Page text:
NPR

In New Jersey, Win Or Lose Big From The Comfort Of Your Home

Last week was a big week if you love online gambling and you live in the Garden State. New Jersey legalized online gambling. Host Rachel Martin talks with NPR's Mike Pesca.

Transcript

RACHEL MARTIN, HOST:

Now to sports.

(SOUNDBITE OF SPORTS THEME MUSIC)

MARTIN: This past week was a big one for gamblers in the Garden State. New Jersey legalized online gambling, meaning if you're in that state you can log onto a local casino's website and win or lose big, all from the comfort of your own home.

NPR's Mike Pesca has been following this story and he has followed it all the way to the New York bureau, where he joins us now. Hey, Mike.

MIKE PESCA, BYLINE: That's like not that far from where I live.

(LAUGHTER)

PESCA: OK.

MARTIN: Come on, play along. OK, New Jersey got online gambling legalized, but they hit a larger snag when it comes to sports betting. Please explain.

PESCA: Right. Well, it's legalized. Online gambling is legalized, so you could go to, say, Harrahs.com or Cesaers.com if you're in the state of New Jersey and make some wagers on the games they already have, like slots or poker. But it's going to take, you know, a year and a half, maybe two years to actually get all the kinks worked out. But it will be allowed to happen. So, that's why we say it's legalized. When it comes to sports gambling, New Jersey wants to be one of two, or maybe two and a half states that allow sports gambling. It's not so much the online gambling, which could come in the future, but the fact that you could go - they hope - to any casino or a racetrack and put a bet down on an NFL game. Now, a lot of the sports leagues themselves are not too happy about this. They knew this was going to be a huge legal fight, and New Jersey's already lost the first round in a federal court but they're going to keep fighting on.

MARTIN: So, is this a big deal? I mean, is sports gambling really popular in the U.S.?

PESCA: Well, yeah. It's enormously popular but it's all underground and it's almost all illegal. You know, Las Vegas allows it but we don't really have a correct handle on how much gambling's going on, which is also to say how much revenue, potential revenue the government is losing out on. We do know that throughout the world, Europe and Asia, 45 percent of all gambling is sports gambling, and sports is just as popular here - the NFL just as popular here as soccer is around the world. There's no reason to think that half of all gambling couldn't be sports gambling.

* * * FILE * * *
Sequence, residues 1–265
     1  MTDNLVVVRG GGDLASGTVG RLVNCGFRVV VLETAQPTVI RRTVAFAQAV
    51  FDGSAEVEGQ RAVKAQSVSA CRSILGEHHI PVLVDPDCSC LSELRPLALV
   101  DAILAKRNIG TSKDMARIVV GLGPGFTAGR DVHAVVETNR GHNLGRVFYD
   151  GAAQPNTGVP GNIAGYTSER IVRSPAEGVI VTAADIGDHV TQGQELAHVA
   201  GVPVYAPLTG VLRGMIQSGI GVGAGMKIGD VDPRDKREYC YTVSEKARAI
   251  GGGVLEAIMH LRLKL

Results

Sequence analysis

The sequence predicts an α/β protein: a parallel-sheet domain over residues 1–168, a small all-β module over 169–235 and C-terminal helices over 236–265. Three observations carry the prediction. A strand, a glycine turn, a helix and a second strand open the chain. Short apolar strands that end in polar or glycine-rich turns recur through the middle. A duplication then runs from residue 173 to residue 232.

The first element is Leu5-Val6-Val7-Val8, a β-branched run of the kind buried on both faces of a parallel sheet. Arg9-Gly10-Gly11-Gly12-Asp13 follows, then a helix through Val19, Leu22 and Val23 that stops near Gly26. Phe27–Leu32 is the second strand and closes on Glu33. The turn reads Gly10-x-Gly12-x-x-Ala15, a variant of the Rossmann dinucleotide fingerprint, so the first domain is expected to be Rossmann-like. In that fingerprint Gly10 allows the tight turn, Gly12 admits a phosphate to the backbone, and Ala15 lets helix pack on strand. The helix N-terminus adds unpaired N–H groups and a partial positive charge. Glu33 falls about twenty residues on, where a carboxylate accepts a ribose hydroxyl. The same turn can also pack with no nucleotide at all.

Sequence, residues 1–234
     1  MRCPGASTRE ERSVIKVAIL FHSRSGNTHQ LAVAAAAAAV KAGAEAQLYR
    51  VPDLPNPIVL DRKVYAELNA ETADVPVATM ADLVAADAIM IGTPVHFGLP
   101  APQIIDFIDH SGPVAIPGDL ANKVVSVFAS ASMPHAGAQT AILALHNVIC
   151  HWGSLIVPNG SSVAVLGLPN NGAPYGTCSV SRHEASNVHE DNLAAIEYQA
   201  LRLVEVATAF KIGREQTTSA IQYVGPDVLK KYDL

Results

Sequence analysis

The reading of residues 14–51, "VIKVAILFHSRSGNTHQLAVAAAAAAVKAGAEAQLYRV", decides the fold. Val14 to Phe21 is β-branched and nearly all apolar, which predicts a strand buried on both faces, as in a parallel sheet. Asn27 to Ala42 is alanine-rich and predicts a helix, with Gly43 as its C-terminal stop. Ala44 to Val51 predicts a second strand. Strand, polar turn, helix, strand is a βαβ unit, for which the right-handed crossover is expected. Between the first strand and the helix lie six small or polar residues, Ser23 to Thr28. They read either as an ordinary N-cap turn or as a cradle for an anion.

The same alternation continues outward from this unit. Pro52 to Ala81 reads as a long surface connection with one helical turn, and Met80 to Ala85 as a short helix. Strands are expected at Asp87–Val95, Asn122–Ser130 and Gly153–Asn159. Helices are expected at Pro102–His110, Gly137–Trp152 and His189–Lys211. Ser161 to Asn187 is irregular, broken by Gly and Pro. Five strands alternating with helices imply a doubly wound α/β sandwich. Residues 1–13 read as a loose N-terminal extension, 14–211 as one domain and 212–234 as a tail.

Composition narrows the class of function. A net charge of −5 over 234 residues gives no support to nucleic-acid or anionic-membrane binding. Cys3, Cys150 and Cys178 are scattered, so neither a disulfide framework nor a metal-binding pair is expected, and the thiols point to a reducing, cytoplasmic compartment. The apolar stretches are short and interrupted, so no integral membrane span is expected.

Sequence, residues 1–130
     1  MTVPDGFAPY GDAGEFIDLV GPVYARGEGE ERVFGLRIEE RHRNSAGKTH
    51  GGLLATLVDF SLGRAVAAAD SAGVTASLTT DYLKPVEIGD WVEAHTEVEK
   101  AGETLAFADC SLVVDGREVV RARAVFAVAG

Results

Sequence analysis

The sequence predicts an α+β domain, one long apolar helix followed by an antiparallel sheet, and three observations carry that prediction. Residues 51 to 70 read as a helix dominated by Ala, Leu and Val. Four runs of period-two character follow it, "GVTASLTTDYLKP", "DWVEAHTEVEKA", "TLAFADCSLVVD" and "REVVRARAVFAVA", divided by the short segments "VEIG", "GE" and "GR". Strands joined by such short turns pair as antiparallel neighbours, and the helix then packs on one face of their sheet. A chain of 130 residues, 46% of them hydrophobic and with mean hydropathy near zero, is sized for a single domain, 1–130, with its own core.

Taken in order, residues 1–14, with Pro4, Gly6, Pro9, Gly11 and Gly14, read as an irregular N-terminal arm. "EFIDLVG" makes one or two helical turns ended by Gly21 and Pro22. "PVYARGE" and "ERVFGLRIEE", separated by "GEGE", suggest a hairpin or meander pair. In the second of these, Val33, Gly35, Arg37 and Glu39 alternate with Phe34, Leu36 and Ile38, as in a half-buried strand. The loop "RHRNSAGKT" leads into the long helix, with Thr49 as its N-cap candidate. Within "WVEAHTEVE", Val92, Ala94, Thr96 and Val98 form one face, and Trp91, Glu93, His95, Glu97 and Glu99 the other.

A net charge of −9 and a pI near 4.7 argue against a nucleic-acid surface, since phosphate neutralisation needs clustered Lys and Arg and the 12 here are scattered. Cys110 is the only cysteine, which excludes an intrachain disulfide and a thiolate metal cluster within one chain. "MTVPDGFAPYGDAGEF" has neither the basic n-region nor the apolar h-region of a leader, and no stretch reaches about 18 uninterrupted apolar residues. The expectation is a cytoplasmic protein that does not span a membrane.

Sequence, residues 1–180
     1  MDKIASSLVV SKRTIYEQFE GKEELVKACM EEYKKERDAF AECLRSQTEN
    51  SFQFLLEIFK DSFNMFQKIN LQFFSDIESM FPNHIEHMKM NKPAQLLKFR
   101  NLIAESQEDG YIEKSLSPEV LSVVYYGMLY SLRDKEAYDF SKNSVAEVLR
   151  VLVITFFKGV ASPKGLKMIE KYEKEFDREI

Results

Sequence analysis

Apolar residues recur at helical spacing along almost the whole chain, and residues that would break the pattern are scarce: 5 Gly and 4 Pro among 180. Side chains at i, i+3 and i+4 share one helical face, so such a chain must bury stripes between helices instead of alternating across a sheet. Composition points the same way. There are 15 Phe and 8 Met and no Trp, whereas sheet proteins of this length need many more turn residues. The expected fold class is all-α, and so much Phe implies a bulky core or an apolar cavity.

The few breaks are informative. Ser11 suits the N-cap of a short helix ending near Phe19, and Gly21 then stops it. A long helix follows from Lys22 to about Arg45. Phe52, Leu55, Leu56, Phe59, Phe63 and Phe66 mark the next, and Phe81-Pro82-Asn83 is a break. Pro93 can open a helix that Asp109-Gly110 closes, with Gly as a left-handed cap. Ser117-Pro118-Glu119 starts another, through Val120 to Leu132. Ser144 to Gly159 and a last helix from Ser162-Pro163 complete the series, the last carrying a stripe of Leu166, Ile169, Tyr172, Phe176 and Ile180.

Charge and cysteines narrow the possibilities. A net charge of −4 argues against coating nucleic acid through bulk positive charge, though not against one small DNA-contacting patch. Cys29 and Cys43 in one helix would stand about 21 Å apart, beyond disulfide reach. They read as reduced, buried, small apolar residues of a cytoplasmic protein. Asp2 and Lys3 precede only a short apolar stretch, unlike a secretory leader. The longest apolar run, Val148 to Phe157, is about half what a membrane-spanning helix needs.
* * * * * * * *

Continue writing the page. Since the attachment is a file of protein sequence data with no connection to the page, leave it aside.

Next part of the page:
MARTIN: OK. So, you mentioned that the leagues are a little miffed at this entire idea. Really?

PESCA: Yeah. Well, I mean, the suit that was just ruled on is called NCAA vs. Christie - that's Chris Christie, the governor of New Jersey. And the reason that Christie wants to sign gambling and online gambling is 'cause the casino revenues have plummeted. In 2006, they were making $5 billion; now, they're making $3 billion. So, they've really gone down. They think this is a way to get a lot of money in the state and to plug the holes in the budget. But what the leagues say - they're a little vague about it, but they speak about integrity. I think they don't like - well, they don't like the whiff of gambling, they don't like even the possible perception that things are corrupt. But I'm not sure. I haven't seen a cogent argument about why legal gambling would lead to more corruption. In fact, there are occasions when the leagues have partnered with Las Vegas casinos, and the casinos have pointed out weird bets on big underdogs, and that has actually lead to investigations which show that there has been point shaving or people trying to affect games. So, in that case, legal gambling with the state involved can, you know, uncover possible corruption. So, the NCAA has - and it's not just the NCAA. You know, adjoined to the suit is the NBA and the NHL and the NFL - but the NCAA tries to punish states that allow gambling and it wields its mighty hammer to the effect that no NCAA championships were allowed to take place in New Jersey these last few months. So, yes, they pulled out the Division III men's volleyball championship and the Division II and III women's lacrosse championship. And New Jersey, I guess, is kind of looking at it, like, say, well, if this all passes, there could be hundreds of millions of dollars bet of which we'll get our cut or we'll lose the, you know, $18.50 on a lacrosse championship. Let's go for legalized gambling.

MARTIN: It all gets down to the money. OK. What's your curveball this week?

PESCA: Well, MIT hosts the Sloan Sports Analytics Conference. It's where a lot of stats gurus - let's not say nerds - but, you know, math enthusiasts present papers. And some of the best, most exciting learning comes out of this conference and has for years. A trend with the papers - and I've been reading up on them following these papers - is they're utilizing the visuals. So, not just a bunch of numbers, but, say, where tennis serves go in such studies as using spacial analytics to study spacio-temporal patterns in sport. And it turns out Roger Federer clusters his serves more tightly than Andy Murray. Or - this is a great one - to crash or not to crash, a quantitative look at the relationship between offensive rebounding and transition defense in the NBA. And it turns out, for the most part - and they know this by studying the court - when you take a shot, go after it. Try to get the rebound. Don't pedal back on defense. That's not the optimal strategy.

MARTIN: Interesting. NPR's Mike Pesca. Thanks so much, Mike.

PESCA: You're welcome.

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MARTIN: And you're listening to WEEKEND EDITION from NPR News. Transcript provided by NPR, Copyright NPR.

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